A few things that have been making this mom's life a bit sweeter. (Oh, and I'm not nearly savvy enough to have sponsored posts, so you know any product recs are the real deal!)
1. Happy Baby Carrier
Calling anything destined for babies "Happy" is a big leap of faith -- they're temperamental little buggers! That said, the Happy Baby Carrier (mostly) delivers on its promise. There were very few items on my Baby #2 shopping list, but I knew I was ready for a carrier upgrade. With my first son, we'd inherited an Ergo (never used), a Beco (well-loved during our travels, but pretty worn out) and a Moby soft wrap (attempted and promptly abandoned). My two major criteria in selecting a carrier for Auguste were that it be 1) newborn-capable without an insert, and 2) LIGHTWEIGHT. While we loved our Beco, its padded waistband and straps made it bulky and near-impossible to stuff in a diaper bag.
My internet prowling led me, happily, to the Happy Baby Carrier, a super-streamlined, lightweight linen carrier that folds easily into a tote bag with room to spare. YAY! Rather than resting on a thick padded waistband, the linen simply folds under to create a cozy kangaroo pouch for your baby, and there are only two buckles to deal with - one at the waist, one at your upper back. Newborns get their feet tucked in, froggy-style, and older kids straddle their legs around you. There is an easily accessible sun shade that folds out from a zip pouch at the top. The linen fabric comes in a range of lovely colors, and though I haven't washed mine yet, I've read that it gets even softer with time and use.
The only downside to this carrier is that kids can't be forward-facing (though they can ride on your back). My first son loved to check out the world while strapped onto daddy's or my chest, and so I'll be keeping our trusty Beco on hand for future front-carry capability. For snuggling up for a nap or lower-stimulation, though, the Happy Baby is pretty much perfect.
2. The Occasional Formula Feed
I can't recommend breastfeeding enough. Its myriad health benefits are well-documented, but beyond that, it's simply one of the coziest life experiences you can have. Snuggling up with warm milk + the one you love best? It doesn't get any hygge-er than that! Plus, it's pretty darn amazing to gaze at your little human and know that your body made every miraculous inch of him/her.
Bottle-feeding creates a more egalitarian parenting dynamic and also allows women to regain ownership over their bodies sooner
With that said, for various reasons, not every mom has the option of breastfeeding for a whole year (or at all), as is commonly recommended. And though I find the mainstream French preference for bottle-feeding, well, a little cold and self-centered, there is a good reason many Frenchwomen opt not to nurse: freedom. Bottle-feeding creates a more egalitarian parenting dynamic and also allows women to regain ownership over their bodies sooner. The Frenchwomen I know also wouldn't take too eagerly to wearing stretchy, washable, stain-resistant clothing (i.e. pajamas) for a whole year, either. The last time I was in Paris, we went out with my husband's uncle and wife, who had welcomed a son two weeks prior. The new maman was wearing a silk blouse and stilettos. She was not interested in breastfeeding and had put her son on the bottle straightaway so that, she told me, her husband could "participate as an equal." Fair enough.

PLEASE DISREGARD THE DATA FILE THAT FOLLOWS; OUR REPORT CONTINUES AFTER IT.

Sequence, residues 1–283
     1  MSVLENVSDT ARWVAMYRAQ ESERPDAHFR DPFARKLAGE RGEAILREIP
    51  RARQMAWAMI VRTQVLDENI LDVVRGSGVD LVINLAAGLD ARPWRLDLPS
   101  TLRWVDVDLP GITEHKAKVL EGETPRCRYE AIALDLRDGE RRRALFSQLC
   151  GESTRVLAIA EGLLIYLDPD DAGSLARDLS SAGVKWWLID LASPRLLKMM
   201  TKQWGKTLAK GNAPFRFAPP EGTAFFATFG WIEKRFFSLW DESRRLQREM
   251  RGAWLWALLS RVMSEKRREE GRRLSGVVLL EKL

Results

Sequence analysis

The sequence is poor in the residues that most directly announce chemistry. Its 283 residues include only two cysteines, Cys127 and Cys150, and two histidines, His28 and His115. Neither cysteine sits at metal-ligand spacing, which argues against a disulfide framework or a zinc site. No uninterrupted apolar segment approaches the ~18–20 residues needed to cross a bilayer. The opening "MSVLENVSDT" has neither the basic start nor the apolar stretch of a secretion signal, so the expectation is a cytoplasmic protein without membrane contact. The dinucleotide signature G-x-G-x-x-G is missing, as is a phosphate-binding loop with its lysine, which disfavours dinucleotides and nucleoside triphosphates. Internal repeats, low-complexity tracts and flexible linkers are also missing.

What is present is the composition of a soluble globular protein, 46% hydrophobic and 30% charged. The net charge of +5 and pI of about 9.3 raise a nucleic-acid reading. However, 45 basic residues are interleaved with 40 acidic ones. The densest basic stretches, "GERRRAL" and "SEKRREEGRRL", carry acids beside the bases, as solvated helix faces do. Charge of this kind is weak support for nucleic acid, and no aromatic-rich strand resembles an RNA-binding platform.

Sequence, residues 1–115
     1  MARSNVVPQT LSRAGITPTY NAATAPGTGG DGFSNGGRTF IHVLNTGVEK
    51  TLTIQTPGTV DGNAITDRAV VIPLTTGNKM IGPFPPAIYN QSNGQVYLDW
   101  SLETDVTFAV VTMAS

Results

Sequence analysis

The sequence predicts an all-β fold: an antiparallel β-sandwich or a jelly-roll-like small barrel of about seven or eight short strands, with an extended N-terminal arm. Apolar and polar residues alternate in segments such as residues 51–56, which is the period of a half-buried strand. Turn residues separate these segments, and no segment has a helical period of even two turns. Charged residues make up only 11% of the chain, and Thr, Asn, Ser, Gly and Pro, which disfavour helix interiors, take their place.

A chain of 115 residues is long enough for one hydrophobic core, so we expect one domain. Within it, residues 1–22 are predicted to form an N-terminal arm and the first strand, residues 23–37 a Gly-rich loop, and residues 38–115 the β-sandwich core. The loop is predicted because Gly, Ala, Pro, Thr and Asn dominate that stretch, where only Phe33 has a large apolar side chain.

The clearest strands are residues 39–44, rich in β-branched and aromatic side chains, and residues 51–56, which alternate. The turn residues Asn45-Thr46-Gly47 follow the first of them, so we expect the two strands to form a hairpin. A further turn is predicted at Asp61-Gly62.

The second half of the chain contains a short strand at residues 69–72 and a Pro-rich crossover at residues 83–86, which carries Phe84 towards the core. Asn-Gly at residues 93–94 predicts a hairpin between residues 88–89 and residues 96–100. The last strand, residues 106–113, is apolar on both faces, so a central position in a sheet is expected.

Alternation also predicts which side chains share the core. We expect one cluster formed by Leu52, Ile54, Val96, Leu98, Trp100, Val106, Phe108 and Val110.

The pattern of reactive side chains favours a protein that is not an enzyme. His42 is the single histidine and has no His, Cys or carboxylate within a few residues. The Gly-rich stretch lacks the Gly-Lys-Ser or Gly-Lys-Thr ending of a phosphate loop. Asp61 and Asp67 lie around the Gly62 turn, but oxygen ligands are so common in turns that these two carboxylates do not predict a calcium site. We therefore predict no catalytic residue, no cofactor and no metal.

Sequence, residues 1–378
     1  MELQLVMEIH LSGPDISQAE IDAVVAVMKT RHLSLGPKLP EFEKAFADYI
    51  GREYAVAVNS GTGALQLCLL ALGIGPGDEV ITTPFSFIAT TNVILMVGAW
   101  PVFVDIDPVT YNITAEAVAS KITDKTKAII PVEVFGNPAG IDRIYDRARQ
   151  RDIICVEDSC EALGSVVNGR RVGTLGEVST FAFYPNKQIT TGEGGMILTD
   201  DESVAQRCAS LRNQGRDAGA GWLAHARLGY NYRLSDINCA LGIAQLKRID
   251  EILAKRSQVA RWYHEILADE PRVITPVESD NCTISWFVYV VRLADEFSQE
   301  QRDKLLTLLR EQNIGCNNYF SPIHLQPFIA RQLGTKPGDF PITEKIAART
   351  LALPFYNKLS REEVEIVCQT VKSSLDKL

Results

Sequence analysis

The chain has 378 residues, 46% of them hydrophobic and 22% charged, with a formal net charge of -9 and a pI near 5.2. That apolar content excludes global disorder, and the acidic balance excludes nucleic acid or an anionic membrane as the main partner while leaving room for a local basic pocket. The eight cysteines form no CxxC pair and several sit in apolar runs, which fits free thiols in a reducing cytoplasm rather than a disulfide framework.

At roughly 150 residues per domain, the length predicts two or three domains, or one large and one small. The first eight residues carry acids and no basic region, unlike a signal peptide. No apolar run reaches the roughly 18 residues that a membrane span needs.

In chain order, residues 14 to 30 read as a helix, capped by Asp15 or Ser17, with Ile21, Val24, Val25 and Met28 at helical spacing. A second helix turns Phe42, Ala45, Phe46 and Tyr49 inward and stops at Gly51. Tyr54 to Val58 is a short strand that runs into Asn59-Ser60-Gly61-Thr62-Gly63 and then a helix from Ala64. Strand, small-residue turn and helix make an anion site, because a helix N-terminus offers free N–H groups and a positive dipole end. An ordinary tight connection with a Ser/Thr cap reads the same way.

On the other side of the Atlantic, the "breast is best!" message is sometimes delivered with militant zeal. My hospital sent me home with a leaflet that basically said I should be breastfeeding every 1.5 to 3 hours, or whenever the baby sucked its hands, opened its mouth, or had been sleeping too long. In other words, CONSTANTLY. American moms who head back to work within the first year face intense pressure to pump milk at work, which is, at best, a huge pain in the ass -- as if working mothers of infants needed more stress.
the "breast is best!" message is sometimes delivered with militant zeal
I think we can find a happy medium, which is why this time around, I've all but eschewed pumping (except in case of discomfort from fullness) in favor of the occasional formula feed. 95% percent of the time, I am lucky to be able to nurse my baby, and I actually find it to be the most convenient thing - my breastfeeding wardrobe is decidedly dumpy, but I don't have to lug any feeding gear around when I leave the house. On the rare occasions when I get out of the house without the baby, or when I'm at home and simply want to spend more time with my toddler and hand the baby off to dad, a few ounces of formula is an easy solution.
I don't have plans to return to work soon, but if I did, I would be fine with giving my son formula by day, and keeping up our nursing routine during the mornings and evenings (as I did when my first was 7 months old). I wish more moms would allow themselves the freedom that supplementing with formula provides...and that society would support a more flexible approach to feeding.
3. Art Cards for Baby
This is not the kind of product I would ever buy on my own, but these Art Cards for Baby mysteriously arrived in the mail from an as-yet-unidentified sender, and we have been enjoying them!
I generally think there is enough in the natural world to stimulate young babies' burgeoning senses, but I've had to remind myself that infants' sight range is limited, and so they can't appreciate targets that are too far or lacking in contrast. I've been propping up these cards about a foot from baby's face when I lay him on his play mat, and he does seem to enjoy gazing at them.
They could also potentially make for some cute nursery decor -- if your nursery, unlike mine, hasn't become a storage room for all the other baby gear that has a lifespan of approximately 2 weeks.